In 1881, the Vatican made the North American branch of the Institute a separate generalate and Mother Dease became its first Superior General. Dease is buried at the former Loretto convent in Ontario. Works by or about Teresa Ellen Dease at Internet Archive Dictionary of Canadian Biography
Robert Gunawardena, born Don Benjamin Rupasinghe Gunawardena was a Ceylonese politician and diplomat. Don Benjamin Rupasinghe Gunawardena, popularly known as Robert was born on 12 March 1904, to an affluent family in Kosgama, Sri Lanka; the fourth of seven children of Don Jacolis Rupasinghe Gunawardena, known as Boralugoda Ralahamy, Dona Liyanora née Gunasekera, he was the younger brother of Harry and Philip. He attended the government school in Hanwella for his primary education and went on to the Prince of Wales' College, Moratuwa however following his father's false arrest for being an agitator in the 1915 Ceylonese riots the family decided to withdraw the brothers from the school and enroll them at Ananda College, Colombo. In the late 1920s Harry and their younger sister Caroline became active in nationalist youth groups which were demanding democratic reforms with the ultimate goal of complete independence. In 1931 he campaigned for the Universal suffrage, he formed The Cosmopolitan Crew of Bambalapkiya Association.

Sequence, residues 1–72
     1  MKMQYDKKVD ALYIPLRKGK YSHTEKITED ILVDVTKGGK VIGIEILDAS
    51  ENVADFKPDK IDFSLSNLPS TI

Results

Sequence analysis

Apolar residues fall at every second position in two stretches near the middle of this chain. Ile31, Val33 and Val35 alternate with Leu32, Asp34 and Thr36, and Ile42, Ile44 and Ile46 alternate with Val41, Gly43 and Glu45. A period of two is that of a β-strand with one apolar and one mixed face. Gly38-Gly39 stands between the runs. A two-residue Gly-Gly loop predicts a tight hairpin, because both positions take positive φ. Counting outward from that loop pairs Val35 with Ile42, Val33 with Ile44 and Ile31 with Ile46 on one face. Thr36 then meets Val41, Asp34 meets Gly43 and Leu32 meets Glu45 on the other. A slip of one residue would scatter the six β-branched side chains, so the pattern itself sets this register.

In 1935 he was an activist in Colombo Youth League and one of the founders of the Lanka Sama Samaja Party. In 1938 he slipped out from British Ceylon to the British Raj and was delegate to Indian National Congress in Haripura. In 1942 he was arrested in British India and brought to Ceylon where he was jailed from 1942 to 1945. In 1953 he led the 1953 Ceylonese Hartal. In 1947 he was elected as the Member of Parliament for the Kotte Electoral District and remained its elected member until 1960. In 1960 he left the Lanka Sama Samaja Party, joined the Mahajana Eksath Peramuna and was elected representing the Kottawa Electoral District remaining its elected member until 1964. In 1964 he left the Mahajana Eksath Peramuna, he was leader of the Suiyamal Movement. In 1965 he was elected as a member of the Colombo Municipal Council. From 1965 to 1970 he was ambassador in Beijing. List of Sri Lankan non-career diplomats